Funeral planning is hard, but consumer advocates say you still need to keep your guard up, especially when it comes to buying a casket.
Joshua Slocum with the Funeral Consumers Alliance says some funeral homes do a lot to try and discourage people from buying third-party or retail caskets, which are often more affordable than buying from a funeral home.
“I saw a policy statement from a Wisconsin funeral home that said, not only will the consumer need to be here to accept it, but while you are waiting for the casket truck to deliver it, you may not use our facilities for waiting, you have to stay outside in the parking lot in your car,” Slocum said.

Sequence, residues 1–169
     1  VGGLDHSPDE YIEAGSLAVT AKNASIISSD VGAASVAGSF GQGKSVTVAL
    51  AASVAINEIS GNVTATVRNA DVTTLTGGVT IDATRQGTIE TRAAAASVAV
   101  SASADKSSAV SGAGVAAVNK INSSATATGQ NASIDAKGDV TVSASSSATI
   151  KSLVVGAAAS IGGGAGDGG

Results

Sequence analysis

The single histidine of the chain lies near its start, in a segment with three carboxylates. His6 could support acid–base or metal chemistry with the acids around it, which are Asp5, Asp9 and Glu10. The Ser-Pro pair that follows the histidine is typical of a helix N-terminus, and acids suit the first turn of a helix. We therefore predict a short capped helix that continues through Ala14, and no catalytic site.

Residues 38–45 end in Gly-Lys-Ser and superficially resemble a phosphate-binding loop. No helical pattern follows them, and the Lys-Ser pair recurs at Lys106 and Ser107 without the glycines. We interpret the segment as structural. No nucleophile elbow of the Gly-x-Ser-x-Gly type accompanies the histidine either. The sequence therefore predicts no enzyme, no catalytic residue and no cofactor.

He went on to say, “that same policy also said that you the consumer family are responsible for removing the packaging from the casket. And we will not allow you to do that indoors. You may only do so in the parking lot, but you have to make sure you're out of public view.”
There are FTC rules to protect you.
]Funeral homes may not require a customer to be present when a casket is delivered.
They can't refuse to sign for delivery.
They also can't charge a fee to store a third-party casket or to dispose of casket packaging materials.
“It’s just as important to shop the funeral homes prices. Looking for a price on a simple cremation, you are likely to find one around $1,000. And at the other end, you're likely to find it for closer to $3,000. That is how big the price differences are,” Slocum said.